When 10-year-old Esmae Alpert was a preschooler, her father let her eat as much as she wanted. But he had concerns about her weight.
"I would give her large portions because as a baby, as a young kid, she loved to eat," Dave Alpert said.
New research suggests a lot of the risk for obesity appears to be set early in life.
"Children who came to kindergarten overweight had four-times the risk of becoming obese compared with normal weight kindergarteners," said Dr. Solveig Cunningham, one of the study's authors.
Researchers at Emory's Rollins School of Public Health followed nearly 8,000 children. Almost half the kids who were obese at 14 were already overweight when they were 5.
Dr. Dyan Hes is Esmae's pediatrician. She says taking simple healthier steps when children are small is the key to preventing obesity.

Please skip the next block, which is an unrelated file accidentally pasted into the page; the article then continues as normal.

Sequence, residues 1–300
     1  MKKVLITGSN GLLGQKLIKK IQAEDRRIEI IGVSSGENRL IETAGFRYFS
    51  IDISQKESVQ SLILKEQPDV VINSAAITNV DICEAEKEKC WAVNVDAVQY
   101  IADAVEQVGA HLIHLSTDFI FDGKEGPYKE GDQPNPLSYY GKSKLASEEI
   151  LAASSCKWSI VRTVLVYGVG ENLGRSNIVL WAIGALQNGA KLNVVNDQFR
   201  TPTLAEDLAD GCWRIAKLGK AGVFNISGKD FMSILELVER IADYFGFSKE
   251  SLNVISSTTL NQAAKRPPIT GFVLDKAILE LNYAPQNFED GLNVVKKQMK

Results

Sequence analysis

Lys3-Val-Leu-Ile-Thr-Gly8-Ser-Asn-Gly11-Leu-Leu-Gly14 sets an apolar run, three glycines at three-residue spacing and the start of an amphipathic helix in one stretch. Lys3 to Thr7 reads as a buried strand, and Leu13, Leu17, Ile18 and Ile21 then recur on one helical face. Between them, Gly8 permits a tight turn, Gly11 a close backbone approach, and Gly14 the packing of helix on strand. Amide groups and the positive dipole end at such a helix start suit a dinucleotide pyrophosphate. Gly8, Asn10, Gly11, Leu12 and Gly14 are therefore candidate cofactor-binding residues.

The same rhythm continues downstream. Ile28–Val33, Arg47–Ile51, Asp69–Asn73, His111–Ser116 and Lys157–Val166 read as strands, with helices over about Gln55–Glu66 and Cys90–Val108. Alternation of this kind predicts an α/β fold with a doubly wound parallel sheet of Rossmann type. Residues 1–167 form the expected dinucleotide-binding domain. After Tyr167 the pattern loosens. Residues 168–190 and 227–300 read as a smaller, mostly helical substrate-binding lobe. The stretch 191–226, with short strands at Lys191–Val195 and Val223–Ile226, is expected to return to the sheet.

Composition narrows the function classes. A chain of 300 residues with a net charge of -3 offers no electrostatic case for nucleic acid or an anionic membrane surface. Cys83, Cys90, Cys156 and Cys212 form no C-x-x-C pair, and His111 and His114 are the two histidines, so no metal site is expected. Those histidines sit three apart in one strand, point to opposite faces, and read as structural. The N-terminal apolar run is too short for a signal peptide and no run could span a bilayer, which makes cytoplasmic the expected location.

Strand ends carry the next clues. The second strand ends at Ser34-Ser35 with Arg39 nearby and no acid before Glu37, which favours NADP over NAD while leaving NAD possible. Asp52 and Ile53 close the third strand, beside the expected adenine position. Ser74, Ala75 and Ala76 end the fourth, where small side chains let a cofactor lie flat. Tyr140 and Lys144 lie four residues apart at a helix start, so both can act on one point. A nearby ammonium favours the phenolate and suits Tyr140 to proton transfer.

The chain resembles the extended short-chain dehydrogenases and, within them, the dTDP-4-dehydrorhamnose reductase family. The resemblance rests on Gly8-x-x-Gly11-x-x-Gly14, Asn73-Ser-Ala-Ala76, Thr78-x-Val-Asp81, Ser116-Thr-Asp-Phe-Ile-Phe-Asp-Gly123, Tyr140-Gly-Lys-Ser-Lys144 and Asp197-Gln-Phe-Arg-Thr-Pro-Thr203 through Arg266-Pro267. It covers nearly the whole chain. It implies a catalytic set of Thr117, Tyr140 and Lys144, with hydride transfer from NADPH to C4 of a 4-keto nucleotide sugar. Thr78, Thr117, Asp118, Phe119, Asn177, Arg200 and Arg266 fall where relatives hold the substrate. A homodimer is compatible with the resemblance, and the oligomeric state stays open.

"It's so easy to cut calories just by stopping juice in a child's diet, giving low fat milk after 2 instead of whole milk, getting your kids active. Children should have one hour of physical activity a day," Hes said.
Esmae and her dad made all those changes.
"Tomatoes, blueberries, cheese sticks, yogurt," Esmae said.
Her dad is glad he stepped in early to give Esmae good eating habits he hopes will last a lifetime.
The study also found that babies born large are at the highest risk of becoming obese by high school.
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